Sales enablement in concept is simple — providing your sales team with the knowledge and resources to close more deals. However, in practice, it can be more challenging.
Sales enablement integrates sales and marketing to ensure sales teams have the insights, content, training, and tools they need to be more effective. Benefits include a shortened sales cycle, increased revenue, higher close rate, and more time for sales people to focus on selling.
CSO Insights’ data shows that organizations with sales enablement achieve a 49% win rate on forecasted deals, compared to 42.5% for those without.
Top Challenges for Getting Started with Sales Enablement
The top challenges I’ve seen hamper sales enablement (and therefore sales success) are:
A disconnect between sales and marketing. This challenge plagues so many companies and it affects far more than sales enablement. Marketing has its silo and sales has its silo and there is no streamlined integration between the two. While in theory, integrating marketing and sales seems obvious, companies consistently struggle with this disconnect.
Resistance from the sales or marketing team. Many sales people have been in the field for a long time, and they have their process that works for them. They may be resistance to change or feel sales enablement, for example marketing automation, means they are no longer in control of the sale. Conversely, there may be marketers who have been driving demand and handing off leads and believe their role ends there (it doesn’t!).
Lack of resources. Sales enablement takes resources in the form of technology, manpower, and skills (such as those needed for content creation). Particularly with smaller businesses, the resources required to effectively develop and execute a sales enablement strategy may not be there.
Getting Started with Sales Enablement
In order to overcome these challenges and implement a successful sales enablement process, there are six components that must be in place.
Buy-in and collaboration. The C-Suite, sales team and marketing team must buy in to the value of sales enablement for success. And buy-in isn’t enough. It must come with true collaboration.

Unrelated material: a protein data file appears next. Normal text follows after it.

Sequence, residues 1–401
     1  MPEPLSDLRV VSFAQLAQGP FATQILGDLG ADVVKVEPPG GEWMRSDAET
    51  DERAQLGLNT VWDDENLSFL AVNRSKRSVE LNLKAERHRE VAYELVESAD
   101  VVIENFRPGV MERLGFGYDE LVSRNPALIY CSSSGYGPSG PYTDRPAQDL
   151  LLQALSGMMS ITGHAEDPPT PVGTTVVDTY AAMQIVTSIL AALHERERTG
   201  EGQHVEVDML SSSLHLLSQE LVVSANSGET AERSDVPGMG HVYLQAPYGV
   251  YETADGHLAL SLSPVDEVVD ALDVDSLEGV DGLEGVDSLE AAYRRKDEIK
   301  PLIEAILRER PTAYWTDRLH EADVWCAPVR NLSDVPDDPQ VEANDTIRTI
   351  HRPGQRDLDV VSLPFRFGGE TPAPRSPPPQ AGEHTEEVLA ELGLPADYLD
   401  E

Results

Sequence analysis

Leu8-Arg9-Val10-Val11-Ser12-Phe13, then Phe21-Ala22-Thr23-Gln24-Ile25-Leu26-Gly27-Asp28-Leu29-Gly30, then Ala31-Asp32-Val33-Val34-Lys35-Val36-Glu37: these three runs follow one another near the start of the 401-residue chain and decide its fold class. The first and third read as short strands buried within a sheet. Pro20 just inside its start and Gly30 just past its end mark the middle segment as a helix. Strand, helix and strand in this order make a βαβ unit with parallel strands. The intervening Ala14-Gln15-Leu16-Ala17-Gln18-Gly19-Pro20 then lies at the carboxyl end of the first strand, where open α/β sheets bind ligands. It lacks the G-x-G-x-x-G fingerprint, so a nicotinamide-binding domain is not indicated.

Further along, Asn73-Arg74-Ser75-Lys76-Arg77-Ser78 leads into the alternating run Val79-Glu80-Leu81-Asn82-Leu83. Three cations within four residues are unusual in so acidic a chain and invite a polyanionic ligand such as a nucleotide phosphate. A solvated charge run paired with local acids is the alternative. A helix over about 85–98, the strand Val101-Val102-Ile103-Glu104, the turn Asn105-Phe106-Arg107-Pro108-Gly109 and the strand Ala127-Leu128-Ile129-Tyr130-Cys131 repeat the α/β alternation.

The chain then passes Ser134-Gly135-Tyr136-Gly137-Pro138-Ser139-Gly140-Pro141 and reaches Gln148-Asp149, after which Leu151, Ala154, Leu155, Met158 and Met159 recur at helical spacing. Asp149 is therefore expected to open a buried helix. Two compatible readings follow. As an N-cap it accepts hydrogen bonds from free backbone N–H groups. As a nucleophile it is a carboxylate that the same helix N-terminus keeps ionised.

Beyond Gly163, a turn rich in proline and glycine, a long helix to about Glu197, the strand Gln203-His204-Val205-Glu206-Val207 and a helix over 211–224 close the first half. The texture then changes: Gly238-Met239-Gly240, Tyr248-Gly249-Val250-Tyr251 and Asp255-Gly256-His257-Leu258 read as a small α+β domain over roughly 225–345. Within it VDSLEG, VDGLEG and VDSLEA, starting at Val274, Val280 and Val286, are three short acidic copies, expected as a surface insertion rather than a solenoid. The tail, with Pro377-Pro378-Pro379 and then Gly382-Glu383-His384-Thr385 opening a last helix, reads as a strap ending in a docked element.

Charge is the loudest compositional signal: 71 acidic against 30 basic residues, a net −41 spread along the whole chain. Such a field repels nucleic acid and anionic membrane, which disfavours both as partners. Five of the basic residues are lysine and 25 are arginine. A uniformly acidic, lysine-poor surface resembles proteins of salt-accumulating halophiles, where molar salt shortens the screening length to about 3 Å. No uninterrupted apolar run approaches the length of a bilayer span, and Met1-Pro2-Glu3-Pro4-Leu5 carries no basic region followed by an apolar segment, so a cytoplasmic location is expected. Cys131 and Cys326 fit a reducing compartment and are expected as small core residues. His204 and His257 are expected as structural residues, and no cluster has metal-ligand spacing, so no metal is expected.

Assign and define roles. Marketing and sales should each have a stakeholder for the sales enablement process. Their role should be clearly defined and communicated.[pullquote align=”left”]Read Become More Efficient & Grow With Marketing Automation[/pullquote]
Get the right tools. Sales enablement is highly reliant on technology from marketing automation tools to CRMs to analytics. Without these in place, marketing won’t be able to help sales teams gain more insights or provide content that better engages prospects.
Identify existing and needed services. Training and content development are key to sales enablement. If your sales team hasn’t been trained how to properly use your CRM and aren’t adopting it, you’ve failed. If you don’t have a team or agency creating content for sales then you’ll need to invest in content creation.
Define the customer journey. If you haven’t mapped your buyer journey, then you should do this so you can identify which content can support sales in each stage of the journey.[pullquote align=”left”]Read How to Create a Content Strategy That Helps You Sell[/pullquote]
Map your content and identify gaps. Finally, map your content to the buyer journey and identify any gaps where you need new content.
5 Metrics to Tracking Success
When evaluating the success of your sales enablement program, you’ll want to focus on some key metrics. While you should be tracking key sales metrics already as a part of understanding your overall sales success, here are five metrics to evaluate your sales enablement program.
- Sales enablement tool adoption
- Sales cycle length
- Close rate
- Total closes/month
- Percentage of time spent on selling